The Enigma of Joseph

Why did Joseph of Arimathaea, who only secretly followed Jesus, now boldly claim his body?

“And after this Joseph of Arimathaea, being a disciple of Jesus, but secretly for fear of the Jews, besought Pilate that he might take away the body of Jesus: and Pilate gave him leave. He came therefore, and took the body of Jesus.

Then took they the body of Jesus, and wound it in linen clothes with the spices, as the manner of the Jews is to bury.

Now in the place where he was crucified there was a garden; and in the garden a new sepulchre, wherein was never man yet laid.

There laid they Jesus therefore because of the Jews’ preparation day; for the sepulchre was nigh at hand.” John 19:38, 40-42

Yesterday, as I read again the staggering story of the crucifixion and resurrection of Jesus I was struck with what seems a mystery concerning Joseph of Arimathaea. Who was this man? What was he thinking? What caused his action that black day? While I can’t recall hearing of it, I’m sure the subject has been discussed many times and perhaps someone has answers to the question I have about Joseph.

The striking element is that this man who asked for possession of the mutilated body was not one of the twelve apostles. Indeed, according to John’s writing here, Joseph hadn’t even declared himself a follower of Jesus at all, but rather, he was a secret disciple… “for fear of the Jews.” He was a high counselor and a voting member of the Sanhedrin who wanted Jesus put to death.

Something must have happened to Joseph, so that his previous reluctance to reveal himself as a believer had been replaced by such courage that, with all boldness, he approached Pilate and asked for the body of Jesus. That seems unusual–think about it–for now Jesus was dead, and it must have appeared He was defeated. To the man, his disciples had deserted Him, while the women stood by weeping. It was dark. It was dismal. The sun hid its face, and an earthquake shook the earth.

During the preceding few hours something must have happened to Joseph. Something helped him put aside his fear, and in its place was raw courage. Gripped by a dauntless spirit, Joseph pled, “Let me have that body, Pilate.”

Why? What happened? How did this man who previously had followed secretly now have the courage to perform this act? Did he believe the Jews would no longer persecute His followers seeing Jesus was now dead? Did his observing the death of Jesus ignite a hitherto unrecognized resolute spirit? Did great passion arise when Joseph observed Jesus’ disciples forsaking him? Did heavy remorse overtake him as he remembered his prior cowardice?

I would love to hear your thoughts and insight.


My other blog is here.

No Question, The Burial Site of Jesus Is Unique

“In Tana Toraja, everything revolves around death. The graves can be very sophisticated yet sometimes, long after the coffins are destroyed by time, people gently place bones along natural cave ‘racks’. Often, the bones are offered cigarettes or various offerings. This is supposed to prevent dead ancestors from bringing bad luck and otherwise making the lives of the living miserable.”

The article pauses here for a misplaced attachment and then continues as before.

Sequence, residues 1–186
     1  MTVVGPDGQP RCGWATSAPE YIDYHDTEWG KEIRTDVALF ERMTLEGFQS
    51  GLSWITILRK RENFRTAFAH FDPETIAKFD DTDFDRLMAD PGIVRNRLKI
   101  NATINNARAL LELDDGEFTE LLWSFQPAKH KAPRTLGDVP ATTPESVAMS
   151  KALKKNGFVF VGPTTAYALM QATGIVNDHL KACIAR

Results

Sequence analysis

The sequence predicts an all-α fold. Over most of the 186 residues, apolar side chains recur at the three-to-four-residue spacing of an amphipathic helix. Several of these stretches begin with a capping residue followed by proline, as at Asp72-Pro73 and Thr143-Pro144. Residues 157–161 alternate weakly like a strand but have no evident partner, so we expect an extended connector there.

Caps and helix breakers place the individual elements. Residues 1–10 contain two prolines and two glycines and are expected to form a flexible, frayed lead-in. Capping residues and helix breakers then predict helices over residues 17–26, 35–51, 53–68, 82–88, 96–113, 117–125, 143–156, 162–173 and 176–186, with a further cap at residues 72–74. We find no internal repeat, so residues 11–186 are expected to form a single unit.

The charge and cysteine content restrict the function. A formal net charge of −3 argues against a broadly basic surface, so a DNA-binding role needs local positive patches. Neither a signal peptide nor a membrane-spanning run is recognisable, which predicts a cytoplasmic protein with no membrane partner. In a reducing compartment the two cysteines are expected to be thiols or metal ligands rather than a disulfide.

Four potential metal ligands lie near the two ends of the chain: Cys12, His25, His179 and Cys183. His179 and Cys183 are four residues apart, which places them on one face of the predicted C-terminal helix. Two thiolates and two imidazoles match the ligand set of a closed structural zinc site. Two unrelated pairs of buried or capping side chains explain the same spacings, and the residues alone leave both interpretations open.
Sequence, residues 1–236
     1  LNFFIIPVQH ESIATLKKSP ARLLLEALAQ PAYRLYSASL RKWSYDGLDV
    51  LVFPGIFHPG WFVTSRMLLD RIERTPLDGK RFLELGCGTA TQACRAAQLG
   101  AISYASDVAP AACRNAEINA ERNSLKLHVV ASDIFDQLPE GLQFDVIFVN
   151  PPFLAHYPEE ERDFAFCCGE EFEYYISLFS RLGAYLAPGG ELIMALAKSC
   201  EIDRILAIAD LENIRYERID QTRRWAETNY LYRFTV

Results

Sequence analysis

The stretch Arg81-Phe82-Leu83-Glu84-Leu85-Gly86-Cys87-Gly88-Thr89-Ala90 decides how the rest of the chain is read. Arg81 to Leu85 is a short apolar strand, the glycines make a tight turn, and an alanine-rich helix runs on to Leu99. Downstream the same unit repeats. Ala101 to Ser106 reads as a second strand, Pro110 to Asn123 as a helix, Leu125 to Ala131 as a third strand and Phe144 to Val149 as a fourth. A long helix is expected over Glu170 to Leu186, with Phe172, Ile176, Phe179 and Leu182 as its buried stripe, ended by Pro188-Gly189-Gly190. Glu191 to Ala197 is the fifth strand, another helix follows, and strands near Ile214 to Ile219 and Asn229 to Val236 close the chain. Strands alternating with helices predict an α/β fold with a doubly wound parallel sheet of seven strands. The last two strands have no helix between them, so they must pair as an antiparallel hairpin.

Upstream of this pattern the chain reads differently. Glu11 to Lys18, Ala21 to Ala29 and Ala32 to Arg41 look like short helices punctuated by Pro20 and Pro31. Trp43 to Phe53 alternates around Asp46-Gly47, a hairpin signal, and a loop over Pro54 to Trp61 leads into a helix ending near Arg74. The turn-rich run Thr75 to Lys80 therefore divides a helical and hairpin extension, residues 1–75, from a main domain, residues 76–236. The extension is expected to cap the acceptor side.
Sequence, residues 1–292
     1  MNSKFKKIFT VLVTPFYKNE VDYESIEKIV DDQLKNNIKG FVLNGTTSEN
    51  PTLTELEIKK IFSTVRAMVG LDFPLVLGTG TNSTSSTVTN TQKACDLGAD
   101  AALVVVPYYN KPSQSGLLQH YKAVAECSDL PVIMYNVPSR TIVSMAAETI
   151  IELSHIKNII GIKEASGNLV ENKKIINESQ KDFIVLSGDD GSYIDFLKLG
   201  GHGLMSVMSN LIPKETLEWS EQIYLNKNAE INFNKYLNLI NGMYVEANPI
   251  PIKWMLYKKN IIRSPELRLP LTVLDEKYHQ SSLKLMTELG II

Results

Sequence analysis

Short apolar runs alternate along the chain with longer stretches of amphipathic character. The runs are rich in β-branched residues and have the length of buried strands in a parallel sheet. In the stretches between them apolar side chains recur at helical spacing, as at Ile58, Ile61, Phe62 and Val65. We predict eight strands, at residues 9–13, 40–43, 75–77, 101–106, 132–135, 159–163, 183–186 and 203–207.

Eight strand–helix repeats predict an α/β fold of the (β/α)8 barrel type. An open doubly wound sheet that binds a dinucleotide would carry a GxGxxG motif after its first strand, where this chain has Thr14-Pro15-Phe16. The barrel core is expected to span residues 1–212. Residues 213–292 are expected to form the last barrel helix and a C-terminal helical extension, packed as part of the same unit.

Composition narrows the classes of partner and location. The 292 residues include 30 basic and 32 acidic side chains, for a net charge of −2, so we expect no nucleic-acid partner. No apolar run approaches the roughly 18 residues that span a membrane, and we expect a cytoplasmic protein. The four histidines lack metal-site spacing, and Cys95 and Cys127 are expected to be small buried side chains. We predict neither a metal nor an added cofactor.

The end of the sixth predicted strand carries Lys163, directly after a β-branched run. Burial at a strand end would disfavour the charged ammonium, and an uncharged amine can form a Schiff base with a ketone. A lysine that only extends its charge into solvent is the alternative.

Image: phitar [Flickr]

Earlier this morning, I came across a fascinating article depicting ten important burial sites around the world. The post makes for interesting and informative reading, and later today I plan to go back and read it again. I was shocked by some of it–for instance this:

The Sedlec Ossuary resides in a small Roman Catholic chapel in Sedlec, Czech Republic. If you didn’t know any better, you wouldn’t have guessed that inside the unassuming building is an ossuary containing about 40,000 human skeletons artistically arranged to form decorations, chandeliers, and furnishings! Take a look.

The Schwarzenberg family’s coat of arms, done with at least one of every
bone in the body. Image: goldberg [Flickr]

Despite the intrigue of this article, the author missed speaking of the greatest burial site of all–that of Jesus Christ. Perhaps it is because we’re not exactly sure of its location, or maybe it was because the author didn’t stop to consider the tomb of the lowly Nazarene. That tomb, that burial place, my friend, is the greatest of any. For you understand, do you not, that His tomb is empty. Dead, He definitely was. Empty, His tomb definitely is.

“In the end of the sabbath, as it began to dawn toward the first day of the week, came Mary Magdalene and the other Mary to see the sepulchre.

And behold, there was a great earthquake: for the angel of the Lord descended from heaven, and came and rolled back the stone from the door, and sat upon it. His countenance was like lightning, and his raiment white as snow.

And for fear of him the keepers did shake, and became as dead men.

And the angel answered and said unto the women, Fear not ye: for I know that ye seek Jesus, which was crucified.

He is not here: for he is risen, as he said. Come , see the place where the Lord lay.” Matthew 28:1-6


My other blog is here.